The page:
Aizenman, N. (2017, October 06). Gun Violence: How The U.S. Compares With OtherCountries. Retrieved December 2, 2018, from

Baker, A., & Goldstein, J. (2011, December 30). N.Y.P.D. Leaves Offenses Unrecorded to Keep Crime Rates Down. Retrieved November 28, 2018, from  

Cook, P. J., Ludwig, J., Venkatesh, S., & Braga, A. A. (2005, November 07). Underground Gun Markets. Retrieved November 28, 2018, from

De Fátima Marinho de Souza, M., Macinko, J., Pereira Alencar, A., Carvalho Malta, D., & Libânio de Morais Neto, O. (2007, March/April). Reductions In Firearm-Related Mortality And Hospitalizations In Brazil After Gun Control. Retrieved November 28, 2018, from

Gun Control and Crime in non-US Countries. (2018, May 14). Retrieved December 5, 2018, from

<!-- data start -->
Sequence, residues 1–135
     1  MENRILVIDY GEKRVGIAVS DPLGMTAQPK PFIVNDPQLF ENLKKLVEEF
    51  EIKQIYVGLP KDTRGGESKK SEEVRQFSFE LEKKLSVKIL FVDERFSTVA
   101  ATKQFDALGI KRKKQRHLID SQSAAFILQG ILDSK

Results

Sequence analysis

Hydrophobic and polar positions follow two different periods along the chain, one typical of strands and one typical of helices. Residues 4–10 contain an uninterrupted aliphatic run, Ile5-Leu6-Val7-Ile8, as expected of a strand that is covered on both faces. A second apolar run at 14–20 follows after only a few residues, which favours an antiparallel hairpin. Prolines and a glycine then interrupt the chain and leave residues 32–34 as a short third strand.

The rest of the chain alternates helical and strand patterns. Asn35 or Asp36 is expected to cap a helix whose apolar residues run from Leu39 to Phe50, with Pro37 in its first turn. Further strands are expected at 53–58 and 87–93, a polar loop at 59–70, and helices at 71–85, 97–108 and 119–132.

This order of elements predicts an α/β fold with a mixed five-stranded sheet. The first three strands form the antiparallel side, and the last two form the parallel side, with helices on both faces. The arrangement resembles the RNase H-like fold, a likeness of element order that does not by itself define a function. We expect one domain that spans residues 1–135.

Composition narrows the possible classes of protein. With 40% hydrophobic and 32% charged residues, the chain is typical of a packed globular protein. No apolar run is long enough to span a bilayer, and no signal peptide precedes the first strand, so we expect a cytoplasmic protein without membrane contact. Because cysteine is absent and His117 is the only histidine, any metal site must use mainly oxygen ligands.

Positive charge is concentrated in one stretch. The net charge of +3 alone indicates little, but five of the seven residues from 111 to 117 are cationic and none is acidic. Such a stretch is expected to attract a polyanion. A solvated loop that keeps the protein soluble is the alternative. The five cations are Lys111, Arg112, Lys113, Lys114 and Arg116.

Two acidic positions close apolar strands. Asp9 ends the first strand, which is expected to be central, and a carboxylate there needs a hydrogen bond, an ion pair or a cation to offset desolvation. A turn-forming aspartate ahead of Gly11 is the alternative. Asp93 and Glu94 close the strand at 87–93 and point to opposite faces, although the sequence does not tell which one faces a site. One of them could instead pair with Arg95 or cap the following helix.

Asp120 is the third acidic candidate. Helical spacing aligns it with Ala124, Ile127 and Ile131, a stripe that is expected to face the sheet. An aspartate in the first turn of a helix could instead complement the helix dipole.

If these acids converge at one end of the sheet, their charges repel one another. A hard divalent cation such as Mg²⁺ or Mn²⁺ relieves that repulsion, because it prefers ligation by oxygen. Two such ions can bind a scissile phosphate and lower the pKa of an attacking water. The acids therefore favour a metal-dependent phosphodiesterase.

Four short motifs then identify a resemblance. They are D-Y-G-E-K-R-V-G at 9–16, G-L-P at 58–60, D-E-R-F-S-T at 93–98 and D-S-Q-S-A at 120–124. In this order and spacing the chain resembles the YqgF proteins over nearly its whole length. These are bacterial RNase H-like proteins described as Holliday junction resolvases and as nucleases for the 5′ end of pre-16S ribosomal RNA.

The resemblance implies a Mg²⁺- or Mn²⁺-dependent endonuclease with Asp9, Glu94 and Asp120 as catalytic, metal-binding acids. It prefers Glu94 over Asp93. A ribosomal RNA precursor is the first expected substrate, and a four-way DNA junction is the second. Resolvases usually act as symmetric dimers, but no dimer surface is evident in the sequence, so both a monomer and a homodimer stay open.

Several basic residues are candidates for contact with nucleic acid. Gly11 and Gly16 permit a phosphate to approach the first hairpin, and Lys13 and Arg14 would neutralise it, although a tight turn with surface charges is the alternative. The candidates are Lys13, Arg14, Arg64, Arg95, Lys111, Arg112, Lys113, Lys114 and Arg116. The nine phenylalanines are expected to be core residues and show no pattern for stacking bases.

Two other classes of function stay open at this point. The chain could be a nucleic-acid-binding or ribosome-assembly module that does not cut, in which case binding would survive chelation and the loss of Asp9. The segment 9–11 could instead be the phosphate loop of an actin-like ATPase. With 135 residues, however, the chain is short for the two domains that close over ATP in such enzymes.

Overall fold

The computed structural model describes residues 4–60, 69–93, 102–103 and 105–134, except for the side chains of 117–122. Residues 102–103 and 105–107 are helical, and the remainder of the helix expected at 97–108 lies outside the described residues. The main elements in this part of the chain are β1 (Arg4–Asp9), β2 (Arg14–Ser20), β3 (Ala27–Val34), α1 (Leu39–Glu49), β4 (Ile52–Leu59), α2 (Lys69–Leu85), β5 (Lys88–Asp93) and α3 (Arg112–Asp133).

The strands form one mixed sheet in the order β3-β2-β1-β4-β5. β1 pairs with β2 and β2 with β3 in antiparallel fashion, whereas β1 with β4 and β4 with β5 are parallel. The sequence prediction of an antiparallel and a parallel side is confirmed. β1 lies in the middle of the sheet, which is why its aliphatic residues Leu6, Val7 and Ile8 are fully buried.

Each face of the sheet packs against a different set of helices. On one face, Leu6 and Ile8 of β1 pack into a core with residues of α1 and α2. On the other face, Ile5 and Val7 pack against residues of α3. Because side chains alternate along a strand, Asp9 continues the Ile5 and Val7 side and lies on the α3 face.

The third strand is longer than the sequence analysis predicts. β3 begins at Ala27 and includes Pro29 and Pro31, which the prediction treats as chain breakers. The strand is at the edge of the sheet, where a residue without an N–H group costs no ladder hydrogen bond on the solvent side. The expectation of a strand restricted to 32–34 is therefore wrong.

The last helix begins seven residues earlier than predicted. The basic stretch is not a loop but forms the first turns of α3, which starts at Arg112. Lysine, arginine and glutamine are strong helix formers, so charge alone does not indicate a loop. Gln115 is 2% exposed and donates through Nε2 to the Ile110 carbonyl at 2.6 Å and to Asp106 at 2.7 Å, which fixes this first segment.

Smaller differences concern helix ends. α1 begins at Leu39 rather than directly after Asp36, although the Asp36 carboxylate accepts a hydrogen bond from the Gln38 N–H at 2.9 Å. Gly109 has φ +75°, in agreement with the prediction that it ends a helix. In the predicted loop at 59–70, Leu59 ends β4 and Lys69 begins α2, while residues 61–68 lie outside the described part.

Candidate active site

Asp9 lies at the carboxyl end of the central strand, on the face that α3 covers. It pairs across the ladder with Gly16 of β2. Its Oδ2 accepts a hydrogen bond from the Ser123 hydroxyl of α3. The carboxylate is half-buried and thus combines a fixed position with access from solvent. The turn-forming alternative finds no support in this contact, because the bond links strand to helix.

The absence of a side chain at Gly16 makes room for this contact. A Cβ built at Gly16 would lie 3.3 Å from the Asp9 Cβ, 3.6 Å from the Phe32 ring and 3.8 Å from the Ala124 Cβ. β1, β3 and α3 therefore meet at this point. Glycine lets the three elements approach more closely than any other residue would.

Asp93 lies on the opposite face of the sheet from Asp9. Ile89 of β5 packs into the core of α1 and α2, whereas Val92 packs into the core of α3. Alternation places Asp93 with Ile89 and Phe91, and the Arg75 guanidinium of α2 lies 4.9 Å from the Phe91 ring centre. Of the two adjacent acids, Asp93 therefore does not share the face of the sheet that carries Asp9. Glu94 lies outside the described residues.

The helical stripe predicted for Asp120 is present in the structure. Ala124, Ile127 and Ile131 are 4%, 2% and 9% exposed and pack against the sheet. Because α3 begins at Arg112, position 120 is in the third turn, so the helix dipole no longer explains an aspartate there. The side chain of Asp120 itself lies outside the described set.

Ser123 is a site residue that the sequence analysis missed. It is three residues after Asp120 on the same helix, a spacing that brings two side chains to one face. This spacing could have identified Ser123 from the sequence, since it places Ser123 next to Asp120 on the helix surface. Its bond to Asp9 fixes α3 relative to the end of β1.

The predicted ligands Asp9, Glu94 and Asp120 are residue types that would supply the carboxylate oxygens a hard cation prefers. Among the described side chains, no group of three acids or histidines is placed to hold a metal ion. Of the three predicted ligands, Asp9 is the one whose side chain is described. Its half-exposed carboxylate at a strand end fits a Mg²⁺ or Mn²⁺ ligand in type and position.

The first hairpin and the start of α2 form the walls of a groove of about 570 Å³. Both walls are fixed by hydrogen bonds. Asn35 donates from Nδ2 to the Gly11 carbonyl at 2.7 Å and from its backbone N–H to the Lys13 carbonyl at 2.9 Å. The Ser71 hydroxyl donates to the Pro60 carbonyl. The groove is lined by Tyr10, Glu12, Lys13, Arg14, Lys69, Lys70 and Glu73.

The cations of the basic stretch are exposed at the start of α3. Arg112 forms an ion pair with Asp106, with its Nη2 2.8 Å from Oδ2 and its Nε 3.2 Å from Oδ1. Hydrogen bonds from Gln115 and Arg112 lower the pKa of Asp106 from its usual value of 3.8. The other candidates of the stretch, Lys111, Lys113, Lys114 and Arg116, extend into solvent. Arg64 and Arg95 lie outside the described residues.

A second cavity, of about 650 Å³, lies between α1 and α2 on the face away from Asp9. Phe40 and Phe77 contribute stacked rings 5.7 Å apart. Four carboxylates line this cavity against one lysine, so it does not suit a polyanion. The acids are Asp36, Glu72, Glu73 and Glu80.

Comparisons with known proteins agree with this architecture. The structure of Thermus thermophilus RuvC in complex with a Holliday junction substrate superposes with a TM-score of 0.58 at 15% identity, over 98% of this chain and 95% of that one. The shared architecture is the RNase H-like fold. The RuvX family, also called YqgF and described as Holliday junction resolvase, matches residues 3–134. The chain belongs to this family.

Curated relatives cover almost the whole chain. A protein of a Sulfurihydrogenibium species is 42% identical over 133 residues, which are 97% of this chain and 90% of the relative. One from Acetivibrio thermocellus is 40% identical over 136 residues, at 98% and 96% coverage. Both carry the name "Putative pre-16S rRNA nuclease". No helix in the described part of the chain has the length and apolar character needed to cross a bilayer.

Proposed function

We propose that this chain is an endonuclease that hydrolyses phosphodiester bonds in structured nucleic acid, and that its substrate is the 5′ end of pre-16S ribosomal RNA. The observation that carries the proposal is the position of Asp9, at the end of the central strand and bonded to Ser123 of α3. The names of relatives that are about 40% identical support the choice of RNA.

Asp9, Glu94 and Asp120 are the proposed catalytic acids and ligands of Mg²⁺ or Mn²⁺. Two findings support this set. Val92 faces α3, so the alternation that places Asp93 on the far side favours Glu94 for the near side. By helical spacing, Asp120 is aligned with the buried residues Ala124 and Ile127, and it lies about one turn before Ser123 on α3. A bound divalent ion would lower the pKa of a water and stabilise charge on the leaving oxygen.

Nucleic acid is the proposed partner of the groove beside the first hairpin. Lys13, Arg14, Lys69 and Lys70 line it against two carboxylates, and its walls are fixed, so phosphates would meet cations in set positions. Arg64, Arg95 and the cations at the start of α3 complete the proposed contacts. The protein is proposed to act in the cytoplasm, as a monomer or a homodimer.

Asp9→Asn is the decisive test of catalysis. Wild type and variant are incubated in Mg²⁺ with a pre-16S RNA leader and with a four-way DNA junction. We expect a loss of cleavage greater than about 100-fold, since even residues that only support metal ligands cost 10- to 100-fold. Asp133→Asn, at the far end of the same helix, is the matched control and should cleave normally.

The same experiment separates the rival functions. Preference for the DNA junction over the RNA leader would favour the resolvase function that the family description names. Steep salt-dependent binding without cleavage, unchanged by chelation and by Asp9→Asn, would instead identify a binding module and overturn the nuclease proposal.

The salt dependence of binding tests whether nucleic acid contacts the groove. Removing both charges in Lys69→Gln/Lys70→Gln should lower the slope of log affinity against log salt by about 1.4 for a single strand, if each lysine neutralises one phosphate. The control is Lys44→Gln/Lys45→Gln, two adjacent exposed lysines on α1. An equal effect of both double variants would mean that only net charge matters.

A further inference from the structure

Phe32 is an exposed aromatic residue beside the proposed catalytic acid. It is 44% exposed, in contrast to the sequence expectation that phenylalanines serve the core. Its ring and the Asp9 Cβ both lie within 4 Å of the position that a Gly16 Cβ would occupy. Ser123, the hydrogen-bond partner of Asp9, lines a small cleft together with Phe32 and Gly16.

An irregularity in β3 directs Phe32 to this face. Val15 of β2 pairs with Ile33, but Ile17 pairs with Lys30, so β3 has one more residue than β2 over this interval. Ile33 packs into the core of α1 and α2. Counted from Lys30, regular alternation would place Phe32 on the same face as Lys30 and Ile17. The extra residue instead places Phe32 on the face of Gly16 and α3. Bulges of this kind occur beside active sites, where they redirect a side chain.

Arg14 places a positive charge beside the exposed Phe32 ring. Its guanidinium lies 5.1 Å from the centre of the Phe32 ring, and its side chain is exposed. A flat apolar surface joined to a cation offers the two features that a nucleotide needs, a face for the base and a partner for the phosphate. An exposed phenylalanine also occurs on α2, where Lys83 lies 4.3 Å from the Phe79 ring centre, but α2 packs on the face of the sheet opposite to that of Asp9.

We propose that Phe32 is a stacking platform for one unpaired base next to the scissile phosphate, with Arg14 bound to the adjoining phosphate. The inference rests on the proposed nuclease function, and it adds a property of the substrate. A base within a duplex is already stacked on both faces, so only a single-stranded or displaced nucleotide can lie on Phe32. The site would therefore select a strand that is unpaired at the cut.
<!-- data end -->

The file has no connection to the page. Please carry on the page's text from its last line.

Harvard Study: Gun Control Is Counterproductive. (2018). Retrieved November 28, 2018, from

Jacobs, J. B. (2002, September 12). Can Gun Control Work? Retrieved November 28, 2018, from gun control doesn’t work&ots=atIgrSsxHS&sig=aaEDwMulkkBHYhINAg6IBlNV6v8#v=onepage&q=why gun control doesn’t work&f=false

Lombardo, C. (2017, November 08). 10 Advantages and Disadvantages of Gun Control. Retrieved November 28, 2018, from

Lopez, G. (2017, October 04). The research is clear: Gun control saves lives. Retrieved December 2, 2018, from

Lott, J. R. (2010). More Guns, Less Crime: Understanding Crime and Gun Control Laws, Third Edition. Retrieved December 1, 2018, from gun control&ots=_5aZVi17dQ&sig=lYmZp8U9rFSdE-RIClrYbr0RDIE#v=onepage&q&f=false